Making our hard even harder

Today I read an excellent piece in the Halifax Herald praising teachers for their hard work and ability to persevere in the face of massive budget cuts and tougher working conditions. The Blame and Shame Game by Genevieve Boulet on June 6th was well written and passionate, and certainly appreciated by those of us who have been speaking out in the name of public education over the past few months. But it was not the article itself that gave me so much pause. It was the massive list of posts that appeared below the article as, once again, Nova Scotians raised their collective voices on public education.

In a series of exchanges that read more like a court transcript than a dialogue on education, people weighed in from all sides, raising every issue from teachers’ summer vacations to skiing at Martock. And the tone of the pieces was certainly nothing new, with educators defending themselves against a certain sector of the public that seems to believe teachers are simply over paid, underworked and only in schools to collect a paycheck.

There is a certain amount of truth in the words of those who, quite simply, seem to hate teachers.  Yes, we get summers off. We have a March break. We get Christmas. Even the occasional snow day. And there will always be those who feel we do not deserve this much vacation time. Or that we should be fairly paid. Or that we should get to go skiing.  But here is the simplicity of it. We don’t stay in the profession because of the vacation time. We are able to stay in the profession because of the vacation time.  And every single teacher is aware that without the breaks, we could not last.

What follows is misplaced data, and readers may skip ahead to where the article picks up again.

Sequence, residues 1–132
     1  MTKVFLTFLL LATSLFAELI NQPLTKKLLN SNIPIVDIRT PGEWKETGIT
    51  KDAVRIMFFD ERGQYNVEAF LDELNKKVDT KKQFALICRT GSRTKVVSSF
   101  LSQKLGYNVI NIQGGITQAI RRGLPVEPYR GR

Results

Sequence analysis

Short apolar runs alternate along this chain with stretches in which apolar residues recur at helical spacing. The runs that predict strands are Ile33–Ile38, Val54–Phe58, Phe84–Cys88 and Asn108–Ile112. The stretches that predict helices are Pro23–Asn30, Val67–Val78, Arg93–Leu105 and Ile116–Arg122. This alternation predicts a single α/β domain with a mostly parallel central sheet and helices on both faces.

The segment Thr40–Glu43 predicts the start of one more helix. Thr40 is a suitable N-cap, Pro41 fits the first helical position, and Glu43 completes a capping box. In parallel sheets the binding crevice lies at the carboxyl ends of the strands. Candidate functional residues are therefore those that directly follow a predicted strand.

Every job has its perks. Our profession has the unfortunate lot to be one where all of ours are public knowledge. I can think of no other job where so much is known about what we “get”. Do you know how much your dentist makes? Any idea how much vacation your insurance broker takes? Conversely, all jobs have their downsides. But when teachers speak of those, when they try to shed a light into their daily grind, they are labeled as whiners.

Many people in Nova Scotia work hard, you will never hear us arguing that. But our hard is different.  Not harder than everyone else’s, but definitely different. Different in a way that is difficult to articulate to people not in the system. And right now, the government of this province is trying to make our hard even harder. Ultimately, that is what all the fuss has been about lately. And I, for one, can’t wait for July. Because I know I had better be well rested for the mess that is waiting for me in schools come September.

 

 

 

 

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1 Comment

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One response to “Making our hard even harder

  1. Dancing yogi

    Well said, Grant! When I worked for tourism, I used to get free hotel stays and free entry to all sorts of attractions all over the province. Sometimes I’d even get discounts on restaurants! We got those perks so we could better sell our “product”. Now that I’m a teacher, I get the vacation perks so that I can better do my insanely time-consuming job the rest of the year. You hit it right on the nose: it’s not harder but it’s different and all jobs have their perks!

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